Gauge emotional intelligence of your organization
Speaker Author and executive coach Valerie Charles will speak at the CCCNW monthly meeting
Emotions play a role in everyday life, including business and ministry, but in many organizations some emotions arent accepted and therefore handled effectively.
Thats why author and executive coach Valerie Charles works with groups to create emotionally intelligent organizations. She will share some of her insights from 7:30 to 9 a.m. March 24 at the Christian Chamber of Commerce of the Northwests monthly meeting at the Windrose Conference Center.
So many time businesses and organizations are sort of afraid of emotions, especially emotions that are deemed negative and arent really welcomed in business, Charles said. Its looking at what those emotions tell us and having some dialogue around that because they do mean something. Emotionally intelligent cultures allow all sorts of emotions and know how to work with them accordingly.
Charles teaches interpersonal communication, team dynamics, conflict resolution and marketing for managers at Warner Pacific College in Portland, where she is pursuing her doctorate in organizational psychology.
She also serves on the board of directors for the International Coach Federation Oregon Chapter as the program director, and does volunteer coaching at Hiring Our Heroes events for the U.S. Chamber of Commerce Foundation.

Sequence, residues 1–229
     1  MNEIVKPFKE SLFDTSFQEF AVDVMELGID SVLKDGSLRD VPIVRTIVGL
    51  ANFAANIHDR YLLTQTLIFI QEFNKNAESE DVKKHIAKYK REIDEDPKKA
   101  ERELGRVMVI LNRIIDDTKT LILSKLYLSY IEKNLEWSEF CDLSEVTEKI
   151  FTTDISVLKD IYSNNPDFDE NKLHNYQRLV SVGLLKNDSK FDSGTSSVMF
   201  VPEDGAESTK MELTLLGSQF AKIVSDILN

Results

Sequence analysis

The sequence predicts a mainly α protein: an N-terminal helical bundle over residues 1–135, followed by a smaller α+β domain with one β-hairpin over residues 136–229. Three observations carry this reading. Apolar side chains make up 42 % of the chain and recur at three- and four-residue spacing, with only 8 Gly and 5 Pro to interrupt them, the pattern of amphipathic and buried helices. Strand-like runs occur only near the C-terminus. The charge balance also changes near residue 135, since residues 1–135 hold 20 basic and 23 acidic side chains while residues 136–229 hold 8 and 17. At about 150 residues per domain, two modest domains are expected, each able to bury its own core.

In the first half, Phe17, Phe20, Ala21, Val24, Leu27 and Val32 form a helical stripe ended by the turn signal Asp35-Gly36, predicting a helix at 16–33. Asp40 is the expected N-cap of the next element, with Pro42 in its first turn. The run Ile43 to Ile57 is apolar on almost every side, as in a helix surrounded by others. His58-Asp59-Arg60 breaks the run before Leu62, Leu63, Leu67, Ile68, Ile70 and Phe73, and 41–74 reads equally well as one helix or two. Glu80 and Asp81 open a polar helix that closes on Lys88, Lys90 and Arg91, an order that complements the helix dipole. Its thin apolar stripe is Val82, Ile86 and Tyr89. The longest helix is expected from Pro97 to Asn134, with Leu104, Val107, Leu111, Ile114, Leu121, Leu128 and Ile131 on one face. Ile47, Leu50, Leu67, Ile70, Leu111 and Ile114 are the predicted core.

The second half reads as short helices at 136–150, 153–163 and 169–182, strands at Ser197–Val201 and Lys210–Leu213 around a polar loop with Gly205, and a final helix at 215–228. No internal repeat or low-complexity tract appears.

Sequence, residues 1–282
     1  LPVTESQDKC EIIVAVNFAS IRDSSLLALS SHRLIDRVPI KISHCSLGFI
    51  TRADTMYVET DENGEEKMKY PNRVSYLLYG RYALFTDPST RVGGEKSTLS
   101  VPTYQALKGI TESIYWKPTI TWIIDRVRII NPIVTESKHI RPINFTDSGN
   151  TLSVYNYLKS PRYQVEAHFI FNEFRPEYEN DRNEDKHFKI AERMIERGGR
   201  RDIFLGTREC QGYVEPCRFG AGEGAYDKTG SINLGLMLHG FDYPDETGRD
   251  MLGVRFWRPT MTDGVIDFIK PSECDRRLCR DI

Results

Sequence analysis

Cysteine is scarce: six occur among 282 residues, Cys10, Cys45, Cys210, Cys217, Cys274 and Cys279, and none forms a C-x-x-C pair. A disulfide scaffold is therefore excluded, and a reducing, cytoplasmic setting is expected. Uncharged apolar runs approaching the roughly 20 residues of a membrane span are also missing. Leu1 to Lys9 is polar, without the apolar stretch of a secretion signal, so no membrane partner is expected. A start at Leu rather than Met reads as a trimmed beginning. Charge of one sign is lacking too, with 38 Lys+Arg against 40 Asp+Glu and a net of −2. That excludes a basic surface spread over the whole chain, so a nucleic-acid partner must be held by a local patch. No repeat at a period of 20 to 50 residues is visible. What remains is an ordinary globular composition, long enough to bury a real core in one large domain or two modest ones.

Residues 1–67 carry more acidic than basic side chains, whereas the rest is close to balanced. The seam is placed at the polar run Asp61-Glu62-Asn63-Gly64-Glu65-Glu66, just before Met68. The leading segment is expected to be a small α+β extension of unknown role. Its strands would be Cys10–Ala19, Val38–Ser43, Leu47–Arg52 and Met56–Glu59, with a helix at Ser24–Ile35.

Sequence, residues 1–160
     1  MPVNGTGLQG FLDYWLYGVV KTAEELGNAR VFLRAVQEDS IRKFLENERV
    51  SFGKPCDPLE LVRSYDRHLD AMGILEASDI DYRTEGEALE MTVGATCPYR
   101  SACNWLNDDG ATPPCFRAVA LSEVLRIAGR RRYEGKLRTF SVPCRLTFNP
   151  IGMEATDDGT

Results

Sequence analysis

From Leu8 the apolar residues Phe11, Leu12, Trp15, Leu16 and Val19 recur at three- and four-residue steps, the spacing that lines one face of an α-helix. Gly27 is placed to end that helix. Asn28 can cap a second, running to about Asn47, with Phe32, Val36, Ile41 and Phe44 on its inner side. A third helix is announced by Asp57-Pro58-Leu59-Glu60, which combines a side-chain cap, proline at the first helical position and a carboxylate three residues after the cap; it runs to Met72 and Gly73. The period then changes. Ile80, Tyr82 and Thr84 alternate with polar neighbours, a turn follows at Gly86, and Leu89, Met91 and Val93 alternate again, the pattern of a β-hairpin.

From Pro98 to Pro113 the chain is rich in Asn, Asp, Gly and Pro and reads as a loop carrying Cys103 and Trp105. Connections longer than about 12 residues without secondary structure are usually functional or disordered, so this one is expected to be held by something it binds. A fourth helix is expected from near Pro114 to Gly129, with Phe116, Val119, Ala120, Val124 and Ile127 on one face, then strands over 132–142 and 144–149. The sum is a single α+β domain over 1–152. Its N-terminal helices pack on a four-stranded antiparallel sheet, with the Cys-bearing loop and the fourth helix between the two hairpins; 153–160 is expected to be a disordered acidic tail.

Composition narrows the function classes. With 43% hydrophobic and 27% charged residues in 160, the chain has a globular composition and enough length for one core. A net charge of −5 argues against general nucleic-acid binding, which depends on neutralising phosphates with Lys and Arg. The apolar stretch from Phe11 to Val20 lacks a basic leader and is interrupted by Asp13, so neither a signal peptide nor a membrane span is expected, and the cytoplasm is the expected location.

Charles will share how organizations can improve their emotional intelligence through better hiring and culture building. She likes to show people a video about captain Chesley Sully Sullenberger and the air traffic controller during the water landing of US Airways Flight 1549 in 2009 to demonstrate excellent emotional intelligence.
Although its a more extreme example than what most people will encounter in most organizations, it is a powerful example.
That is the perfect example of a high-stress situation where somebody, the captain and the air flight controller, exhibited incredible emotional intelligence, Charles said. I cant think of anything more stressful than that and they both just handled everything so well.
Although many businesses and large organizations dont deal well with negative emotions, Charles said that most people she has encountered are open to the concept of emotional intelligence.
In addition to her own work as an executive coach specializing in emotional intelligence and communication, Charles serves as a divorce and family mediator with Genesis Mediation and as an account executive with Genesis Human Resources.
What Ive experienced is people being really intrigued by it, really engaged and wanting more information because people are aware that emotions are part of being human, she said. So to have some tools and be able to handle emotions in a positive way, especially those emotions that people tend to be afraid of, like anger or fear, that show up in the workplace, has a lot of value.
The March 24 event is free for chamber members or $5 for non-members, all of whom should make reservations at www.cccnw.net.
For more information, call John Fortmeyer at 503-537-9220, Deborah Tilden at 775-224-0717, the chamber office at 503-928-8354 or send an email to [email protected] cccnw.net.
Charles will host an emotional intelligence workshop from 9 a.m. to 1 p.m. April 23 at Genesis Human Resources, 7307 S.W. Beveland St., Suite 200, in Tigard. To register, call 503-356-6558.